Category: Why

Knowing why OVER knowing what

What does it mean to know why over what? What I do A focus on “what” we do creates many problems. It’s easy, though. It’s the first thing that comes to mind. I write code. I test. I gather requirements. I manage projects. Unfortunately, when we do this, it’s easy to lose sight of why

Working with OVER working for

What does it mean to work with a client as opposed to working for one? Handling Unknowns Consider a situation when there is a question or some uncertainty about how to solve a client issue, what does the conversation look like? Is it just you? Does the delivery team have a meeting? Do a few

Why Manifesto

Because people in software like “manifestos”, try this as a litmus test for the decisions to make sure you’re thinking about value and not just staying busy.  As in the agile manifesto, the things on the right have value, but not as much as the things on the left. Working WITH clients OVER working FOR clients Knowing why OVER knowing what

The Why of Lean

Conventional lean tools include timing a process and tagging each action as value added or waste. That may work in a factory, but not in software development; or can it? The same precision and clarity is not possible in a knowledge industry. You cannot apply a stop watch to mental problem solving. Sometimes getting away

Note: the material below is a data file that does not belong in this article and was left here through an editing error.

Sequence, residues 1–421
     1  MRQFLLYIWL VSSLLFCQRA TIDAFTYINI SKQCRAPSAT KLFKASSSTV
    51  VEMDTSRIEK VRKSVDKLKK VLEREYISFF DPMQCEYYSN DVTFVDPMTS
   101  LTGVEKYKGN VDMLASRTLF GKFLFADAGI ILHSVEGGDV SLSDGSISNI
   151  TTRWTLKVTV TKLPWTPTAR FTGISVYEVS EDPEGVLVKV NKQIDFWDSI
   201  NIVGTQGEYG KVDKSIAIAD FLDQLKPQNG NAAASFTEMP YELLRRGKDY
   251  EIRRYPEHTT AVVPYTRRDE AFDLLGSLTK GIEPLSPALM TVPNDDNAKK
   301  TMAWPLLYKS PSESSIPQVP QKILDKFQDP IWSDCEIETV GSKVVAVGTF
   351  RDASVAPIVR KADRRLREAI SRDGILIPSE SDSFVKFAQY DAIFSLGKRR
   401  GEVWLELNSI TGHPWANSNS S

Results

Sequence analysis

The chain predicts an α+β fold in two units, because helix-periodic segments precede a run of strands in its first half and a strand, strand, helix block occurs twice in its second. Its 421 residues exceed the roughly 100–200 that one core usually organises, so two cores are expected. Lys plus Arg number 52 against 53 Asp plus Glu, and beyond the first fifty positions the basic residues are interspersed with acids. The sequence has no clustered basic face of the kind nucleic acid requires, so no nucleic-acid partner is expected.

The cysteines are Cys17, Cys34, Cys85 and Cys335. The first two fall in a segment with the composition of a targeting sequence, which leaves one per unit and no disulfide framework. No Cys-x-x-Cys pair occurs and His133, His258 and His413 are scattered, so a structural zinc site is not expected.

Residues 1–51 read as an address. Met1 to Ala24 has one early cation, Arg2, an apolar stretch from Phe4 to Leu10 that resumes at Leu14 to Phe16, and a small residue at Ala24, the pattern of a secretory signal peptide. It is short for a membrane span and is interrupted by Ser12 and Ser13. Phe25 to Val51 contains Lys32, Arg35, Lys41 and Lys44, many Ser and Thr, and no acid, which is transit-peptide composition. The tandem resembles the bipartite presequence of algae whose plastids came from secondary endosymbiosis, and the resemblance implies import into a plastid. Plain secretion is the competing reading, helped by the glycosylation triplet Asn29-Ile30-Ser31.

Optimum Busyness

Recently, I’ve said a lot of bad things about “busyness”.  I stand behind all of them, but that does not mean that the way to be agile and lean is to do nothing.   It is not true that just because you’re doing something that you’re delivering value.  It is also true that you must

Why > Busy

Earlier, we talked about how busyness works against agile & lean.  Today, we’ll look at how to replace busyness with value delivery (the heart of agile & lean). Given that busyness has been framed as the enemy, you may be thinking:  That sounds great, but there are still salaries being paid and clients expect results;

The Prime Waste – Busyness

There is a common feeling that indicates the presence of all 8 wastes. It was best described by my former leader when he summarized what team members were telling him: I’m too busy doing my job, to do my job. By taking a step back, it becomes obvious how constant busyness undermines the business by inviting all 8